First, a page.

/nix | Aug 22, 2017
Create an encrypted copy of foo, saving it as foo.gpg in the current directory:
$ gpg --symmetric --cipher-algo AES256 foo Enter passphrase: Repeat passphrase:
Create a decrypted copy of foo.gpg, saving it as foo in the current directory:
$ gpg --output foo --decrypt foo.gpg gpg: AES256 encrypted data Enter passphrase: gpg: encrypted with 1 passphrase
Create an encrypted copy of foo, saving it as foo.asc in the current directory in ASCII-armored format (suitable for pasting into email, etc):
$ gpg --symmetric --armor --cipher-algo AES256 foo Enter passphrase: Repeat passphrase:
Same as above, but send output to stdout instead of saving as foo.asc:
$ gpg --symmetric --armor --cipher-algo AES256 --output - foo Enter passphrase: Repeat passphrase: -----BEGIN PGP MESSAGE----- Version: GnuPG v1 jA0ECQMCpjdNrpTC689g0kYBkyRd+aGyQwt8sZu+OvEilyCnXd6RiYMXM75MlSb+ OCZnMy6hBhGxvJ7R23HCkNPg76X8dH4O8k5kYtuQwL9fZL8akSY0 =uWsn -----END PGP MESSAGE-----
Decrypt foo.asc, sending output to stdout:
$ gpg --decrypt foo.asc gpg: AES256 encrypted data Enter passphrase: gpg: encrypted with 1 passphrase hello, world!
By default, --symmetric uses AES128. Find supported ciphers with --version:
$ gpg --version
Cipher: IDEA, 3DES, CAST5, BLOWFISH, AES, AES192, AES256, TWOFISH,
CAMELLIA128, CAMELLIA192, CAMELLIA256
To disable gpg-agent, change use-agent to no-use-agent in ~/.gnupg/gpg.conf.
Why gpg rather than openssl enc?
More from The GNU Privacy Handbook: Documents may also be encrypted without using public-key cryptography. Instead, only a symmetric cipher is used to encrypt the document. The key used to drive the symmetric cipher is derived from a passphrase supplied when the document is encrypted, and for good security, it should not be the same passphrase that you use to protect your private key. Symmetric encryption is useful for securing documents when the passphrase does not need to be communicated to others. A document can be encrypted with a symmetric cipher by using the --symmetric option.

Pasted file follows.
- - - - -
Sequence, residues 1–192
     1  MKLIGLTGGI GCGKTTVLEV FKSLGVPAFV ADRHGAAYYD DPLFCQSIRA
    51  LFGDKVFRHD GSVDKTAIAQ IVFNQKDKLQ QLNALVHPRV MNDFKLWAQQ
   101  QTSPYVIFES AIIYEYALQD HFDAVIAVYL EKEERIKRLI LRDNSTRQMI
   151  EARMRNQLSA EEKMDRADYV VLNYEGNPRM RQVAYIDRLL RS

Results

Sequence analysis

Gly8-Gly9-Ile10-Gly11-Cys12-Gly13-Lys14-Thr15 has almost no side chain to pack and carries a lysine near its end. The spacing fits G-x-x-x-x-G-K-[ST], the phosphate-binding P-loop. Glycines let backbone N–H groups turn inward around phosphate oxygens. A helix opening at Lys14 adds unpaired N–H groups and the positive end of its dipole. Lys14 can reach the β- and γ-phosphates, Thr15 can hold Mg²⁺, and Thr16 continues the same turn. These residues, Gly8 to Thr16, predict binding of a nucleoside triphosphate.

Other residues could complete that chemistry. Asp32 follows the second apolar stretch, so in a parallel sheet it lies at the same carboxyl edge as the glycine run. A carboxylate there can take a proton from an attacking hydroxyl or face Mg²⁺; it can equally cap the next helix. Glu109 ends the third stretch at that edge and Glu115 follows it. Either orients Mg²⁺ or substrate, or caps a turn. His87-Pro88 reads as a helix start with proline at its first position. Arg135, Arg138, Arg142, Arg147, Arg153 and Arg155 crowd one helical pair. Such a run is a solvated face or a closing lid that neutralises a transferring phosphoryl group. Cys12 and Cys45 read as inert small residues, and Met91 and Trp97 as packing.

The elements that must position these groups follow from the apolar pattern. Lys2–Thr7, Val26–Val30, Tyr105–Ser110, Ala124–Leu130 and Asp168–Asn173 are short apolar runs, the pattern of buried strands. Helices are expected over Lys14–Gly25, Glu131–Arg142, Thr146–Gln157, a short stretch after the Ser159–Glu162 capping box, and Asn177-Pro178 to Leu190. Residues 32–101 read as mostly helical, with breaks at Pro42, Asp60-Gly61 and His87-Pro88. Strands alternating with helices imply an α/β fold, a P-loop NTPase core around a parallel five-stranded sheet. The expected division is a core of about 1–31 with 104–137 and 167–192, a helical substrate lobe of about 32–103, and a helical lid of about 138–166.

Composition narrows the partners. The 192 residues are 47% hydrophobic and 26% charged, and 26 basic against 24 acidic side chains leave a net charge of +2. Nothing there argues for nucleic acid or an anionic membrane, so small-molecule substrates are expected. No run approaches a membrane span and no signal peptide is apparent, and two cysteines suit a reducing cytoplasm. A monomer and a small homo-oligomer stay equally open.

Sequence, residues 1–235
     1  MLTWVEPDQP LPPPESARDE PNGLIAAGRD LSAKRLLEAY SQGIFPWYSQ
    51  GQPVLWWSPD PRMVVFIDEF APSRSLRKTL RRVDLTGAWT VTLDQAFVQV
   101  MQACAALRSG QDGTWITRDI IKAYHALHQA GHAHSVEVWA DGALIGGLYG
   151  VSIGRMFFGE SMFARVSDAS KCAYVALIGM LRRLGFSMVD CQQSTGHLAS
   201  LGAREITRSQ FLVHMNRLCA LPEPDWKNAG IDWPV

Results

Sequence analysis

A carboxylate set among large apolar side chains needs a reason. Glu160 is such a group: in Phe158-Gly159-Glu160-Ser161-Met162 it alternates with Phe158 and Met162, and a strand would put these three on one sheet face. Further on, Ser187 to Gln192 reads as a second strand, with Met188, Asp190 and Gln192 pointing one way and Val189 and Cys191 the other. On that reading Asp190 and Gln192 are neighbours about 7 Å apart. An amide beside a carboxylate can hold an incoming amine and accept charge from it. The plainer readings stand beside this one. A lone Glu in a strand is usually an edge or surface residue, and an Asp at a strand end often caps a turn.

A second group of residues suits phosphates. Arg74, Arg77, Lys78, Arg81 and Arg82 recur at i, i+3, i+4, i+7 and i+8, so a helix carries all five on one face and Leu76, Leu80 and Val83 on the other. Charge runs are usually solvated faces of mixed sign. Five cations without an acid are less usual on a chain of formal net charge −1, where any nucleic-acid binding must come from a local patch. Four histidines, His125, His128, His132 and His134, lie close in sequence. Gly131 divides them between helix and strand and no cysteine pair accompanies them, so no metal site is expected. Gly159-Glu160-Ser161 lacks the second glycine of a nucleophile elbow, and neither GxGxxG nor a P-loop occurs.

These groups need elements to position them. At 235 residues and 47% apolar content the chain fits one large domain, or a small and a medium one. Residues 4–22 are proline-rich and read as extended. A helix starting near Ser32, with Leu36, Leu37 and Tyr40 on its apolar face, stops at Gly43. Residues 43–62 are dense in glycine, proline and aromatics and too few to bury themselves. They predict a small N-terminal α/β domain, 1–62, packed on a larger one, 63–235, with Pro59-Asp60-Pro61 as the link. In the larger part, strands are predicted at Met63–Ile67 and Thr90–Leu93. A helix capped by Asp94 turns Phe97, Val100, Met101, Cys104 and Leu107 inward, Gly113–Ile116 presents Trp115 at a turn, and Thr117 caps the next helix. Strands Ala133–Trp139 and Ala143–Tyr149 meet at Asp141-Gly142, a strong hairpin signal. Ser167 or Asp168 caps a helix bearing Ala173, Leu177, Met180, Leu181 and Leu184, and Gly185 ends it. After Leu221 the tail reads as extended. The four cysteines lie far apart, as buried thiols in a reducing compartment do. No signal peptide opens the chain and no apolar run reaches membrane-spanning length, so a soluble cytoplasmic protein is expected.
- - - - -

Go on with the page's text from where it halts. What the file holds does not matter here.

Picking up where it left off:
/nix | May 30, 2017
Sources & More
/nix | Mar 05, 2017
Even as root, ls and find produced too many errors ("Permission denied", "Not a directory", "directory causes a cycle", "Input/output error", etc) when attempting to list all files on disk. Tree worked a treat:
$ tree -a -i -f / > filesystemlist.txt -a All files are listed. -i Don't print indentation lines. -f Print the full path prefix for each file.See also Tree for Windows and LINUX Recursively list all files in a directory including files in symlink directories.
/nix | Feb 06, 2017
Install pandoc and asciidoc
$ sudo apt install pandoc asciidoc
Convert asciidoc to docbook
$ asciidoc -b docbook foo.adoc
foo.xml will be output into the same directory as foo.adoc
Convert docbook to markdown
$ pandoc -f docbook -t markdown_strict foo.xml -o foo.md
Unicode symbols were mangled in foo.md. Quick workaround:
$ iconv -t utf-8 foo.xml | pandoc -f docbook -t markdown_strict | iconv -f utf-8 > foo.md
Pandoc inserted hard line breaks at 80 characters. Removed like so: